Neelie Kroes’ “highest level” roaming plan support doesn’t include the GSMA

Last week, TelecomsTech reported on Neelie Kroes’ plan to abolish roaming fees in Europe. The Vice President of the European Commission was quoted as saying she has the “support of the highest level in institutions”, yet the biggest representative, the GSMA, doesn’t agree.

The GSMA is a mobile consortium representing more than 800 carriers including Vodafone, T-Mobile, Orange, AT&T and Everything Everywhere.

As a representative, the GSMA has voiced concerns of these many carriers saying it is causing “regulatory whiplash” amongst them, due to already “intensively implementing” the latest requirements by regulators and mobile companies.

This includes the price caps on roaming fees for data usage, which was implemented through legislation in 2012. From these new rules, data is now capped at 0.70 Euros (91 cents) per MB.

In a statement which was released on Monday, the GSMA said: “The GSMA encourages the commissioner to keep her focus on the big picture and to make bold and long-term recommendations.

“In this regard, it is unfortunate that the commissioner should have used her recent platform with parliament to talk about roaming.”

On the regulatory whiplash: “Roaming has seen three successive waves of regulation, with Europe's regulators and mobile companies intensively implementing the latest requirements.

“The commissioner should immediately clarify her intentions with regard to roaming, to avoid the industry investing in a roaming solution that has been superseded before it is launched.”

Clearly, Kroes still has a lot of work ahead of her to convince carriers and gain the support she previously thought she had garnered before able to implement the legislation in 2014 as planned.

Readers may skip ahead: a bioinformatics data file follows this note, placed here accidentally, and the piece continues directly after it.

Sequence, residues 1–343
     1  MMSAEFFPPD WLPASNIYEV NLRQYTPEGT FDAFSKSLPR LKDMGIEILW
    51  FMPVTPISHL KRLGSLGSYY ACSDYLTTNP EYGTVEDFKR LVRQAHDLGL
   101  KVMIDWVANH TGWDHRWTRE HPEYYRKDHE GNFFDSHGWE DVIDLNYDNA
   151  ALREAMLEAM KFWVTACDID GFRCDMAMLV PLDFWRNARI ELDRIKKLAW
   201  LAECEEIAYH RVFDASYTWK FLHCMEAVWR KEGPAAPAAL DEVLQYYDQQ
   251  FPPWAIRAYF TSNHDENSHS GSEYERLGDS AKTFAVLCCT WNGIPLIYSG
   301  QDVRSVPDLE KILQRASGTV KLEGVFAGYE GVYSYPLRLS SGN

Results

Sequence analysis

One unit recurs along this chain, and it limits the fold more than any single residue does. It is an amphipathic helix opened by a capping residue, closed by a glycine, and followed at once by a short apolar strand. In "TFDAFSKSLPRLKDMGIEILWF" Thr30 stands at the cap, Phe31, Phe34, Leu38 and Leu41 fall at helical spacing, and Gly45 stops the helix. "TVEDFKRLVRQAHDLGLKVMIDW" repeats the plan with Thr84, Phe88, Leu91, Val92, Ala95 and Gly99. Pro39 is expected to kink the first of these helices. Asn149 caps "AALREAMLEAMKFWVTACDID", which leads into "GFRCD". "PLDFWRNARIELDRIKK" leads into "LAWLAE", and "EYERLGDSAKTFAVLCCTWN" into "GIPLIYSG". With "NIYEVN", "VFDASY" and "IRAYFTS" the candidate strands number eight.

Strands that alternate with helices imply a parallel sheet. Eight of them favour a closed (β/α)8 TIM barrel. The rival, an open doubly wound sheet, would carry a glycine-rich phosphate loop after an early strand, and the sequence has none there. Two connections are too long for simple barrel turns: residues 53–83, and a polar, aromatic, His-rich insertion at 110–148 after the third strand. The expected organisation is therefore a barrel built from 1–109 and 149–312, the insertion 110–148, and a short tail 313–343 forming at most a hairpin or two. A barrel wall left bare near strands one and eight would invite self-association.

Do you support Neelie Kroes’s push for the end up mobile roaming charges? Or is it an ambitious plan doomed for failure?

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4 Jun 2013, 2:01 p.m.

In this speech Kroes was talking about the highest levels of the EU's institutions, not stakeholder bodies like GSMA. So she was not misclaiming support, it's important to read the speech carefully.
The context is also important here.
No one is trying to cause operator investments to be wasted, but we also have a completely different ball game in 2013. There is a real chance to deliver the real meat of a real single market. That was not on the table when the last roaming regulation was agreed.
Those who want and will benefit from a single market also have to see the logical and political sense that there is no credible single market that still include high roaming charges. How can there be ...
The point is to take down the borders, not to give everything one interest group wants while ignoring the others - such as end-users of mobile services.
Ryan Heath
Spokesperson for Neelie Kroes